Given the option of going out or staying indoors in your pajamas, which do most people choose? A few spry individuals aside, most people opt for comfort and convenience.
That very choice is what many retailers have to fight against. When your customer can stay at home in their pajamas and order their goods from Amazon, driving down to the mall, finding a parking spot, walking to the store and rifling through goods just doesn’t seem as attractive. For years, analysts have anticipated the death knell for brick-and-mortar retail.
Instead, retailers are fighting back. Experiential retail—retail that is focused on the shopper’s experience within the retail space, rather than the perfunctory sale of goods—is rejuvenating many shops and centers across the country.
“We want people to try something new, to gather together. Even though we want people shopping and going into the stores and spending their dollars, we also know that the reason they came to the mall was to have an experience,” says Heather Nash, marketing and business development manager for The Shops at South Town. “They could have done the shopping online.”
Come on in
Why go to the Shops at South Town? Surely you could order the same things online, right? But here’s what a website won’t give you: monthly free community events that bring people together, large motorized stuffed animals for your children to ride around, or the first taste of new local restaurants.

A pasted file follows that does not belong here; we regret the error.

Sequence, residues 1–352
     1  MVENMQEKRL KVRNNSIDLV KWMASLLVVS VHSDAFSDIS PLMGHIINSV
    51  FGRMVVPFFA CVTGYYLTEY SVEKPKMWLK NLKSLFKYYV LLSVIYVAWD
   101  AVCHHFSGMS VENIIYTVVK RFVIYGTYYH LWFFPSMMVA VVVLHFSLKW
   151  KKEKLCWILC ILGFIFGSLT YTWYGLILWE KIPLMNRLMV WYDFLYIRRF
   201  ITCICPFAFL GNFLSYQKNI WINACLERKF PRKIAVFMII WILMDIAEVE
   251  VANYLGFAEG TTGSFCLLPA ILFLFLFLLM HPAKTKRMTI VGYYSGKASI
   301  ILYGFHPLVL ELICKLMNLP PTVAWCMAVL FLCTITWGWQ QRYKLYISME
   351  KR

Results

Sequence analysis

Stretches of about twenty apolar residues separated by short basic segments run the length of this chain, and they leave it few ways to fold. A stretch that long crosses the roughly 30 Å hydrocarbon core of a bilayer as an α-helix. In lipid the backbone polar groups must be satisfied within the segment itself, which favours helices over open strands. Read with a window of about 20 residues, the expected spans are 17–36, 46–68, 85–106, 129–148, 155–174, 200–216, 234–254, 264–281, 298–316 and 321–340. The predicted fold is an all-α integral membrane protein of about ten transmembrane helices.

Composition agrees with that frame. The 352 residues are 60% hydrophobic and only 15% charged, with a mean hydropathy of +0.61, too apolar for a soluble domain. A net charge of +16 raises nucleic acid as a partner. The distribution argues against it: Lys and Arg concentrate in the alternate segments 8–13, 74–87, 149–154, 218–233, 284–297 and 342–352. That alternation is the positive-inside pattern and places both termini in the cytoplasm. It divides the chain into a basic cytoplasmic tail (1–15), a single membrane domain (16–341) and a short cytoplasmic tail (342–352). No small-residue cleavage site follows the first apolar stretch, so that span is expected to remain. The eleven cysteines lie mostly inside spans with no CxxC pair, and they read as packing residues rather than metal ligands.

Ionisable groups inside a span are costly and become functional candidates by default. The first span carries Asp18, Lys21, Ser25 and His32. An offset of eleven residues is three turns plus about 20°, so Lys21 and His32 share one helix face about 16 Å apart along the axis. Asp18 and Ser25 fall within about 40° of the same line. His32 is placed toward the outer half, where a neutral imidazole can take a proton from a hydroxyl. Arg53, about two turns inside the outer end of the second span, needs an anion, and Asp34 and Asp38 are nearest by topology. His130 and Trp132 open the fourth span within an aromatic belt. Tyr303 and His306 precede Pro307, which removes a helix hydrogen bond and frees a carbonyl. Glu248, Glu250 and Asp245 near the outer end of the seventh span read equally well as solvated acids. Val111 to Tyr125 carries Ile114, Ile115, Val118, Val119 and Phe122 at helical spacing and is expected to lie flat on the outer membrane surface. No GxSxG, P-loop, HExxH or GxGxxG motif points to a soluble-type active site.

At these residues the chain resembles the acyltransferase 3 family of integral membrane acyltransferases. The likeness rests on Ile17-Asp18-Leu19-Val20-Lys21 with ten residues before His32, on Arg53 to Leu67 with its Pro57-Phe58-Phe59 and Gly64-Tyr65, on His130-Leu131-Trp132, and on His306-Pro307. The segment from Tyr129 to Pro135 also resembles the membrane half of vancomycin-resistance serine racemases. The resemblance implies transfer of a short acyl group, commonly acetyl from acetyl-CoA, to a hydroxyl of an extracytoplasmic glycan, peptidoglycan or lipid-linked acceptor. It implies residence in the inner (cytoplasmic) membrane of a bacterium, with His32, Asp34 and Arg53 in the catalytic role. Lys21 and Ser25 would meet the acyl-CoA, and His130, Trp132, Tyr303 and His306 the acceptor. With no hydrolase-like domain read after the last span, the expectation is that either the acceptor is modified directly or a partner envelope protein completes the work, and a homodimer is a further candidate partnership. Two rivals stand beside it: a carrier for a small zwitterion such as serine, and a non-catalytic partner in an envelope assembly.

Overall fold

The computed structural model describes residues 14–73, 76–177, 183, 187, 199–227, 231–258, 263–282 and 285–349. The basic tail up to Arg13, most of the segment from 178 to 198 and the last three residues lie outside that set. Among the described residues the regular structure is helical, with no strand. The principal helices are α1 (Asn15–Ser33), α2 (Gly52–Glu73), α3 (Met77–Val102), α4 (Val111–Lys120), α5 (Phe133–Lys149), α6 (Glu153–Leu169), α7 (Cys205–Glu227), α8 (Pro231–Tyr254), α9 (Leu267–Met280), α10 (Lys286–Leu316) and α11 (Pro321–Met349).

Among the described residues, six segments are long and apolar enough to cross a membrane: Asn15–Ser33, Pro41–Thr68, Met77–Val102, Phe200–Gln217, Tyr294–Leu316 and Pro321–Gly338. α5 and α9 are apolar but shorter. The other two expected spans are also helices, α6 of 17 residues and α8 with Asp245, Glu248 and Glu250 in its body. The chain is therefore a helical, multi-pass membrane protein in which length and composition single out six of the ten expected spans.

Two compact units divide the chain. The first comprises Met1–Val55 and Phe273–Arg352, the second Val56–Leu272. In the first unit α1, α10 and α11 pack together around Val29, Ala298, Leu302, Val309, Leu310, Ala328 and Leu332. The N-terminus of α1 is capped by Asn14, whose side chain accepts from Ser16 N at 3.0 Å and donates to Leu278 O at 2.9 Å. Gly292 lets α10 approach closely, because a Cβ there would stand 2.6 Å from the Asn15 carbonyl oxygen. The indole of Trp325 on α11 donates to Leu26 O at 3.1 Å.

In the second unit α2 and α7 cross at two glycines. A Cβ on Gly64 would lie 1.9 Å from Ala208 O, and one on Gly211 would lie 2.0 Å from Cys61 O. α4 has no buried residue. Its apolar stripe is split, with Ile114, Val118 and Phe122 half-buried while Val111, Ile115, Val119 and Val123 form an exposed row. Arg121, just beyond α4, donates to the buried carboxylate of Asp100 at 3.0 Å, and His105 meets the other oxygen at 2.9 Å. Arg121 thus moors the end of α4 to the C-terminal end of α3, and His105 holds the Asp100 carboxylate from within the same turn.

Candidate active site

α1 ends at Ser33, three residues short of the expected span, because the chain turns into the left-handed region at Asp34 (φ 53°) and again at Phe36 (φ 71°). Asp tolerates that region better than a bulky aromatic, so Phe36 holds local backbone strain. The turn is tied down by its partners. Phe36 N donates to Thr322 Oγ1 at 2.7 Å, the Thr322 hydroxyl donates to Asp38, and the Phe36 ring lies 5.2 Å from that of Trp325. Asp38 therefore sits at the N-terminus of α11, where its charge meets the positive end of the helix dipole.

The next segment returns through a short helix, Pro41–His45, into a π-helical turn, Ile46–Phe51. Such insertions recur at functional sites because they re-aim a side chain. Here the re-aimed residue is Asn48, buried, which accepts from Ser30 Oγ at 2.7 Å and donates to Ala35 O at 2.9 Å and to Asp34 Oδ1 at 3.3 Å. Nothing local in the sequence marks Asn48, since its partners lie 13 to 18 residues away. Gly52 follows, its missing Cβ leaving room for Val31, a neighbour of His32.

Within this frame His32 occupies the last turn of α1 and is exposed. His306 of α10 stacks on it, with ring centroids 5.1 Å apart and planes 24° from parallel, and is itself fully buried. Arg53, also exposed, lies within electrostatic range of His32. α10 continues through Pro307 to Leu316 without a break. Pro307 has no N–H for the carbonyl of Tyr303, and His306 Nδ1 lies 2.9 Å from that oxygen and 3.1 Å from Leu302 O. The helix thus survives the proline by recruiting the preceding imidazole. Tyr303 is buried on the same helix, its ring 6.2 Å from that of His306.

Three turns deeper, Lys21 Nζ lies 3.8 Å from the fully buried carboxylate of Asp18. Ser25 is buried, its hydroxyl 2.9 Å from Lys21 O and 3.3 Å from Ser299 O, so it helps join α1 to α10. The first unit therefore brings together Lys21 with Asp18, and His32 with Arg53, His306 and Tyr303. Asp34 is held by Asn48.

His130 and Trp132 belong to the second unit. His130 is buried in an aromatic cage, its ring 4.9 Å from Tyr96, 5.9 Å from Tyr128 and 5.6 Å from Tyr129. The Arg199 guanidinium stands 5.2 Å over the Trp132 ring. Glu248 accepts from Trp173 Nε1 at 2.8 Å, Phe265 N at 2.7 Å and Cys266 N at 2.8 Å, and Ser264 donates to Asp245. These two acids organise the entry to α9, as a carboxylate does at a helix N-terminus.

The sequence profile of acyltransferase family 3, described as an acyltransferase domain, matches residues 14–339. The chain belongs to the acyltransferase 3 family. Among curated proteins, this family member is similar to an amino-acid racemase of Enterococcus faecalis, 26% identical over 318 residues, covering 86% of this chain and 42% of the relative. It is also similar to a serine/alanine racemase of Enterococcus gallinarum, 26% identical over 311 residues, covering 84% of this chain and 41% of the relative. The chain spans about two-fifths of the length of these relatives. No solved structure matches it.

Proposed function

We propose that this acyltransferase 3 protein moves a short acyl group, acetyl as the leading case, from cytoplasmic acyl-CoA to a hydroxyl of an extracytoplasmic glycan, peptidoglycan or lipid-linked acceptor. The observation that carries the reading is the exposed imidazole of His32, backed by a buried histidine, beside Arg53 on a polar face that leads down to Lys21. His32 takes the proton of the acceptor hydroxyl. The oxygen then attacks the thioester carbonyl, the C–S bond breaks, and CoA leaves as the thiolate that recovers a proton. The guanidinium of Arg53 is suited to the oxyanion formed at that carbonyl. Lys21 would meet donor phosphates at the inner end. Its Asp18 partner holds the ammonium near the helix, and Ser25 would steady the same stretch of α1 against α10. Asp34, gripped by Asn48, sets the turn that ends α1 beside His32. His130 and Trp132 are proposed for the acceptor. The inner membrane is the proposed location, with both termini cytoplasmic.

The Shops at South Town is embracing change. A new renovation of the space is centered around creating areas where people feel free to sit and gather together. Light pours into the shopping center, and the aesthetic of the space is “bringing the outside in, with a mountain-modern look,” says Nash.
Everything is designed with the shoppers’ experience in mind, she says. The Shops at South Town have a lot of early mall walkers, so the doors open at 7 a.m. to accommodate them. The area has a lot of young mothers, so there is a renovated fountain with a children’s play area planned beside it, and where concerts take place some evenings. Another sitting area has chairs that look like spinning tops, where groups of young friends dare each other to sit in the wobbling artistic chairs, laughing and taking pictures of each other as they try to gain balance and spin. Large digital screens sometimes show sports events—but sometimes feature digital art from local artists instead. A digital directory is fitted with a camera that allows patrons to take selfies and emails the photos to them with the hashtag #shopsouthtown. In one eating area, children can play an interactive, competitive game on a giant screen as their parents or siblings enjoy a meal behind them. If anyone has any questions, there’s no call to go search for guest services if you don’t want to—you can simply text the center’s concierge instead.